Finding out you have advanced cancer

You’re likely to feel a range of strong emotions when you find out you have advanced cancer. It’s common to feel shocked and frightened, or angry about your situation. Most people find that these feelings become easier to manage with time.

Talking to others can be very helpful. It’s not unusual to find it hard to talk to close family and friends. You might feel like you’re trying to protect them. But being open with those closest to you can help them to understand the best way to help you.

If you’d like to talk to someone else, ask your GP to refer you to a counsellor or support group. You could also use the internet to find online communities where other people affected by cancer are sharing their feelings and experiences.

Some people find support by talking to a religious leader or by writing in a diary. Complementary therapies may also help to reduce stress and anxiety. Talk to your GP to find out what services are available near you.

Coping with the news

It’s common to feel overwhelmed by different feelings when your doctor tells you your cancer is advanced. Some people’s cancer may be advanced when they are first diagnosed. For others, the cancer may spread or come back after treatment. 

Although it is rare for advanced cancer to be cured, people may live with it for a long time – sometimes for years. This may mean having different treatments when they’re needed, or sometimes having ongoing treatment to control the cancer. During this time, many people carry on with their day-to-day lives and doing things that are important to them. Sometimes it may not be possible to control the cancer any longer or a person may not be well enough to have treatment. In this case, their cancer doctor or specialist nurse will always make sure they are given treatments to control any symptoms they have.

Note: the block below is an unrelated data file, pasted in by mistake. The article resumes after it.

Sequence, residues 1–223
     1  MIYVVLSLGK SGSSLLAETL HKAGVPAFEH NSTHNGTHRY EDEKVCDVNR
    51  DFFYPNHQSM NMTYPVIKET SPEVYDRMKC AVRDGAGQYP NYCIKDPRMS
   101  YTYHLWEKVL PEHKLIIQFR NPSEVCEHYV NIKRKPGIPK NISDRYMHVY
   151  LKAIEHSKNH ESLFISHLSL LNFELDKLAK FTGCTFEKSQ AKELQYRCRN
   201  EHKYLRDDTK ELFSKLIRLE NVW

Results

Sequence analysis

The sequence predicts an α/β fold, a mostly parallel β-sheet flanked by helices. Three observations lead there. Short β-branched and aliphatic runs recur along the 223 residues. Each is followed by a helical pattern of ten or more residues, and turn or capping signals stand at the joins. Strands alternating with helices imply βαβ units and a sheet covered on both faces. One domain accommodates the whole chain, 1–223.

When you first find out your cancer is advanced, you may feel shocked and find it hard to take in. You may feel frightened about the future, or angry with other people or yourself. With time, these feelings can become more manageable as you start making decisions and plans.

You might find it helpful to talk to others who understand if you’re dealing with difficult news. You can visit our Online Community to talk to people in similar situations.

Knowing that your illness may not be curable can give you an opportunity to decide what’s important to you, and how you want to live your life. Concentrating on what you can enjoy and achieve can give you pleasure. It may also help you cope if you find you can’t meet other goals.

Coping with feelings

It’s natural to have a mix of emotions when coping with advanced cancer, such as fear or anger. These feelings can occur at different times, and they may vary in strength and frequency. However, people often find that over time their feelings become easier to cope with.


Many people with advanced cancer feel frightened. You may have times when you feel afraid of the illness itself, the symptoms, or the treatment and its possible side effects. You may worry about the effect it will have on your family. People often worry about the future or about dying. 


It’s natural to feel angry if you have advanced cancer. You may feel angry about feeling unwell, going through treatment and having to cope with the side effects. You could also be angry about the impact the cancer has had on your life. It may have affected your ability to work or your relationships. You may feel frustrated that your plans will be disrupted by tests and treatment, and that your long-term plans have suddenly become uncertain. Living with the uncertainty that comes with advanced cancer is likely to be physically and emotionally demanding.

Talking about feelings

We all express our feelings in different ways. It’s often clear how someone is feeling by their behaviour, what they say and how they say it. Sometimes though, one emotion can disguise another. For example, a person might be frightened but express their fear by being short-tempered and irritable, or angry with those around them. Talking about our feelings can help us understand our behaviour and what’s behind it. This isn’t always easy.